MEXICO CITY – Mexican prosecutors can order cellphone companies to provide tracking data on suspects without a warrant, the Supreme Court ruled Thursday.
The judges voted 8-3 in favor of permitting warrantless real-time tracking of suspects’ movements in cases involving serious offenses such as kidnapping and murder.
Mexico’s independent National Human Rights Commission asked the high court to declared the practice unconstitutional.
With its approval, the high court ordered prosecutor’s offices to place a record of its requests for tracking data in the investigation file and file its requests only in cases of the utmost urgency.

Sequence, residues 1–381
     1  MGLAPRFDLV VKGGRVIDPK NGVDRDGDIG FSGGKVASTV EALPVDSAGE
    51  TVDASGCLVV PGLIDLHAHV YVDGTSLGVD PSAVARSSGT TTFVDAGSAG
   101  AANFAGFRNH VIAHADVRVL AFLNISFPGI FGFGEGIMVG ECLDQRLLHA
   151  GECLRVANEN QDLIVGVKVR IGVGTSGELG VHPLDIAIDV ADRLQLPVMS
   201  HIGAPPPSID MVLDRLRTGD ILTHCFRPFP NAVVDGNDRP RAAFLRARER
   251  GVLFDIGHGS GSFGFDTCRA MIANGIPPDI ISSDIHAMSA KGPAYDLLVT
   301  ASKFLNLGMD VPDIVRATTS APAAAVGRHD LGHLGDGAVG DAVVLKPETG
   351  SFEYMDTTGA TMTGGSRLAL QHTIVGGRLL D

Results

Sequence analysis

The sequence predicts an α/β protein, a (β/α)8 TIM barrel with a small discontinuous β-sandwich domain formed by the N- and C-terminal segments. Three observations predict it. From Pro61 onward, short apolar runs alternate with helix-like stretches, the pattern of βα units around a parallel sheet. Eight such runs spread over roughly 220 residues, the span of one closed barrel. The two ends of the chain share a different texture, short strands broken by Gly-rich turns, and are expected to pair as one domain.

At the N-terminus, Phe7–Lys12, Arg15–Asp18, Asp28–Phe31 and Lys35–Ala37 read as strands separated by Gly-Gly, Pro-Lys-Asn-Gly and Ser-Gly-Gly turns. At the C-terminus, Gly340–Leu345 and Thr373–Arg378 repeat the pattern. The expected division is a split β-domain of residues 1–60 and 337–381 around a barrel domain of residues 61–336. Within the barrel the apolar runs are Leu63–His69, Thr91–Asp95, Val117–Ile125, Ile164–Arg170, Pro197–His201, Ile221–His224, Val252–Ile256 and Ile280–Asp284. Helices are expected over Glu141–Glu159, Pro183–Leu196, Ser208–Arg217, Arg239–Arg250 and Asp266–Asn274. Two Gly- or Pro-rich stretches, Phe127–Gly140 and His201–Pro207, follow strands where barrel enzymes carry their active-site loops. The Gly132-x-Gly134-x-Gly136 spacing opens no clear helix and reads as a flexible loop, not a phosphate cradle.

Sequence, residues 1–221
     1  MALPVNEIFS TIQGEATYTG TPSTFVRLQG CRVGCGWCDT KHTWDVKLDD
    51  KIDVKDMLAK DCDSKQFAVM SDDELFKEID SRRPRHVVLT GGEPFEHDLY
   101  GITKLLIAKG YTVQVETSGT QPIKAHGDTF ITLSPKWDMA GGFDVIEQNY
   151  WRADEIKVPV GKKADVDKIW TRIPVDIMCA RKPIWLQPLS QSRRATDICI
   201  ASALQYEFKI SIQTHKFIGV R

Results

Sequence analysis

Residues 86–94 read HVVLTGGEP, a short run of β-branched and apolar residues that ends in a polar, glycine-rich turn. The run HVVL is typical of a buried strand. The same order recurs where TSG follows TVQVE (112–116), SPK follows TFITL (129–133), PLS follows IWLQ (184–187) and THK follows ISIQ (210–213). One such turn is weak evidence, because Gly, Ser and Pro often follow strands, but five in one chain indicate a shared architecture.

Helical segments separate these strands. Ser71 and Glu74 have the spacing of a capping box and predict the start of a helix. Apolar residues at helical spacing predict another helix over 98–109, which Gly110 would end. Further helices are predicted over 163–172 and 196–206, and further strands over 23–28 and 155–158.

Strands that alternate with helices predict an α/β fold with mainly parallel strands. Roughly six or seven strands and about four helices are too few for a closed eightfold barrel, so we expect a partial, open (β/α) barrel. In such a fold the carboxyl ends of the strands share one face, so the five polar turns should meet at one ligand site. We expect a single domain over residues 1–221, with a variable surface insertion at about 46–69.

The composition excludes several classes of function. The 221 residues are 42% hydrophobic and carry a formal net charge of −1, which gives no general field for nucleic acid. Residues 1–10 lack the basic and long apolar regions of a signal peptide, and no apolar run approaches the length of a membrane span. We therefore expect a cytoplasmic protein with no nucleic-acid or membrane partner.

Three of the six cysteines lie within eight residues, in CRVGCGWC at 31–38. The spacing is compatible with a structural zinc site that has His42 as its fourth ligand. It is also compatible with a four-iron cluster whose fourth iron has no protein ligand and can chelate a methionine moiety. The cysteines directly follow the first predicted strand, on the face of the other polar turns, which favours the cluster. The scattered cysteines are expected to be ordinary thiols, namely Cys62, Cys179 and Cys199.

The suspicion of the measure comes from the rights commission but also from civil organizations and other social sectors who fear abuse of power by the authorities and the possible violation of the right to privacy of millions of Mexicans.
According to the commission, during 2011 there were 6,700 blackmail attempts every 24 hours.
“Thirty-one percent of the people involved paid the extortion, since the threats of alleged Zetas and La Familia Michoacana (both drug cartels) were those that had the greatest impact and, therefore, those that produce the most income for the criminals,” it said.